Research: Many digital health startups lack clinical trials, regulatory records

According to a Research published in JMIR.

The analysis examined digital health companies using the Rock Health Digital Health Grants Database, FDA data on 510(k), De Novo, and pre-market approval records. schools, the number and type of clinical trials listed on The researchers then assigned a “clinical endurance” score to each company, the total number of regulatory filings, and the weighted clinical trials.

Of the 224 startups included in the study, 98 had a clinical robustness score of 0, while 45 received a score of five or higher. The mean score was 2.5, with 1.8 clinical trials and 0.8 regulatory records, and the mean score was one.

Companies aimed at diagnosing the condition had the highest average score of 2.8, followed by treatment-focused companies of 2.2, and finally prevention startups, with score is 1.9.

Startups selling their products to employers received an average clinical durability score of 3.1, compared with 2.7 for vendors, 2.2 for consumers. and 2.0 for the payer.

The researchers also examined the companies’ public statements, or qualitative claims about clinical, economic, and commitment outcomes. The average number of claims by companies was 1.3, with 43% of companies not claiming. The study also notes that startups that sell to employers make more clinical, economic, and engagement claims than companies that sell to other types of customers, like consumers, suppliers and payers.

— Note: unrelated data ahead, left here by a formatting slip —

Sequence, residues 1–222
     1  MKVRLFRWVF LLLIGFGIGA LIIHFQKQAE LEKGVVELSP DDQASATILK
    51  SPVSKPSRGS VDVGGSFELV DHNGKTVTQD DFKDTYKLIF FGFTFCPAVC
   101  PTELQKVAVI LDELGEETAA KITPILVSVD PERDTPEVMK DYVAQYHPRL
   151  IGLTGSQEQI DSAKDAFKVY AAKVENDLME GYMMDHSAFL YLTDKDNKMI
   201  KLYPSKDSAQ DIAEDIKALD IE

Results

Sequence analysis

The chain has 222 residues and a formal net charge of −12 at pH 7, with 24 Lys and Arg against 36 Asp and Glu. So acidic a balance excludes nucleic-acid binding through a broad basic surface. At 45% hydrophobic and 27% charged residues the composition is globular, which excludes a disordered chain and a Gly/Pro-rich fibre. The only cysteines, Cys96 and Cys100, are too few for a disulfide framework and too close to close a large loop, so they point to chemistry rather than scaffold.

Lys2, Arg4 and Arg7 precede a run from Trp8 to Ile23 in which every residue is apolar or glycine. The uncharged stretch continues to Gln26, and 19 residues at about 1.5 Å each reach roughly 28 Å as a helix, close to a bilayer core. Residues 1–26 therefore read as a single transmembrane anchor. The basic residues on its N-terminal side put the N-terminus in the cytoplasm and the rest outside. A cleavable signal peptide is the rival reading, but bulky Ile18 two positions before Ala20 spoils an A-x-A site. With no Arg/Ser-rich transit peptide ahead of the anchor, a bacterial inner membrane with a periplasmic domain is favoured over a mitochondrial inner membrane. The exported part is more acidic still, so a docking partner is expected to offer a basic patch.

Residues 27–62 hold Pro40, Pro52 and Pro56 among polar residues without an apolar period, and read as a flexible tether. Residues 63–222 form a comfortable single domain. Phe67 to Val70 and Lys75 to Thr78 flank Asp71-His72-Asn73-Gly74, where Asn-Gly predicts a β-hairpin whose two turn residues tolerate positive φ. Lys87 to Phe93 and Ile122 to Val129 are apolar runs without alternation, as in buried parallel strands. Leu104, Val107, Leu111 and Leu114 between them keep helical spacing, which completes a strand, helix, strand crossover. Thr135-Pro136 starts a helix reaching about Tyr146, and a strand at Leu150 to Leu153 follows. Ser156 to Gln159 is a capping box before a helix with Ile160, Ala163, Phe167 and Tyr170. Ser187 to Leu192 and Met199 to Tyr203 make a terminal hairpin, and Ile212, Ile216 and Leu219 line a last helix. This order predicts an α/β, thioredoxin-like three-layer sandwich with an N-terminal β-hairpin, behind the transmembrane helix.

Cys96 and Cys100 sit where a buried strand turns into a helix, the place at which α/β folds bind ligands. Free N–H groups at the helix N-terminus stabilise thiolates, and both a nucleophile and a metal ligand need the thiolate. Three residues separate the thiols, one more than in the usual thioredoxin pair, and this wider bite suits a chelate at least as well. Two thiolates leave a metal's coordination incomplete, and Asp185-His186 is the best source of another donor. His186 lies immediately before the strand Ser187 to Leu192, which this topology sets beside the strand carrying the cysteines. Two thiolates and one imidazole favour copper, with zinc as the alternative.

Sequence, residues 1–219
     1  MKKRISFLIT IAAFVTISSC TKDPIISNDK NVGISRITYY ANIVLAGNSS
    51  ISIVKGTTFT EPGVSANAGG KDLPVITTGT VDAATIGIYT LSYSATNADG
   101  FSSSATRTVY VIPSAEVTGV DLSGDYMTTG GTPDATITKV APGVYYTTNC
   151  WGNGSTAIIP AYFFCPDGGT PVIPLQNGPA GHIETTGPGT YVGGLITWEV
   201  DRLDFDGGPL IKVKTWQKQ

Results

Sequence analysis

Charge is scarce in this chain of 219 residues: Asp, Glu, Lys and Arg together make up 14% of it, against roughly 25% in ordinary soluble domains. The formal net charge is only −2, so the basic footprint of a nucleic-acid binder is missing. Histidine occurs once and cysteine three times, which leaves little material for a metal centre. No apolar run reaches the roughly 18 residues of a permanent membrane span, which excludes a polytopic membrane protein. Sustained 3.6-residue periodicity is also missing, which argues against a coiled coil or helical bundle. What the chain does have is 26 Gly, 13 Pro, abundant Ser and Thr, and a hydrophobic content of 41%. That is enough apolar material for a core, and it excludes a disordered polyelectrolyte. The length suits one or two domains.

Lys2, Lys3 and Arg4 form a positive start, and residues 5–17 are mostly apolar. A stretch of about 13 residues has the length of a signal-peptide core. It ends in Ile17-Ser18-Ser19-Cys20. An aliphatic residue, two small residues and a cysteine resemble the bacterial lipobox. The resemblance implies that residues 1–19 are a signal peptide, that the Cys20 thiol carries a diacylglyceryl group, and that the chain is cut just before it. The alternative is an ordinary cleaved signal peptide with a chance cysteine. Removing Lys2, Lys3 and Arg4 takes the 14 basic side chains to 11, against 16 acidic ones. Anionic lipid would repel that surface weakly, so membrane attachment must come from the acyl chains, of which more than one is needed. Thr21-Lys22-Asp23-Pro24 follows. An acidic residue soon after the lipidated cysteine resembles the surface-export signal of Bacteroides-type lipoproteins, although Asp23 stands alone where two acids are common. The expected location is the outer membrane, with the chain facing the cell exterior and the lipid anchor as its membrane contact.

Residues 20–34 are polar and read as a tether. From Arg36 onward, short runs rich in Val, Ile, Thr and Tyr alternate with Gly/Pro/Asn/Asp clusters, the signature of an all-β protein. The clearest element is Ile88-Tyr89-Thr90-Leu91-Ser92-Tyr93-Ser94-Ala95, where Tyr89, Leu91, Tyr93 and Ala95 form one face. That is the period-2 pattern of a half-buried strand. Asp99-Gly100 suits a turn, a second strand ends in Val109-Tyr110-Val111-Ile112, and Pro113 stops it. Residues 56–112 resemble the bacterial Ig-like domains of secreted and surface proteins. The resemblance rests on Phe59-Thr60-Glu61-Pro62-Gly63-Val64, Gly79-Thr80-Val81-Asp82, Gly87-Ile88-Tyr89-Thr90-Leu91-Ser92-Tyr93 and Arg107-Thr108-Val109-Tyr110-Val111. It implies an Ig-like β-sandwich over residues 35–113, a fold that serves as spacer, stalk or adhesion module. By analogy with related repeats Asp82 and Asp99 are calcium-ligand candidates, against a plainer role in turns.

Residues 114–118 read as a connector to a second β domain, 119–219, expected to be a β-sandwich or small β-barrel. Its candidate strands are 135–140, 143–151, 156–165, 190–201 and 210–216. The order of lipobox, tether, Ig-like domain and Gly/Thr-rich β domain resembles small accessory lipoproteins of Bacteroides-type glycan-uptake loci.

Overall, the study did not find any correlation between clinical solidity and the number of claims, robustness and total funding, or clinical solidity and start-up age.

The study’s authors write: “Despite hundreds of digital health companies targeting a multitude of needs across the entire care process, the clinical effectiveness and public communication of claims are warranted. remains low in most areas.” “These results represent a significant opportunity for companies to differentiate, and customers demand better validation of the products and services they purchase.”


The study’s authors, some of whom were members of the Rock Health research team, noted some limitations to the analysis, such as the potential for omitting clinical trials or records, and deciding intended to include only Venture-backed companies have raised more than $2 million.

They suggest that future studies could use condition-specific measures of effectiveness that could be standardized across clinical domains to provide a clearer picture of impact.

While the analysis showed many startups lacked clinical solidity, it found that 20% of startups received a score of five or more, showing the core of tried-and-tested products. high experience. However, the low number of companies with low scores demonstrates that many venture capital-backed startups lack clinical evidence.

“Although this subpopulation may herald progress, the lack of clinical validation is significant for nearly half of digital health companies (44% have a high score),” the researchers wrote. clinical durability of 0) highlights a major flaw in today’s healthcare technology”.

“The lack of an overall correlation between a company’s total venture capital investment and its clinically solid score also highlights a significant disparity in how potentially companies are appreciated in today’s market (i.e. no correlation between clinical impact and source of funds) However, it is possible that funding amounts reflect predicted future value rather than present value in. “

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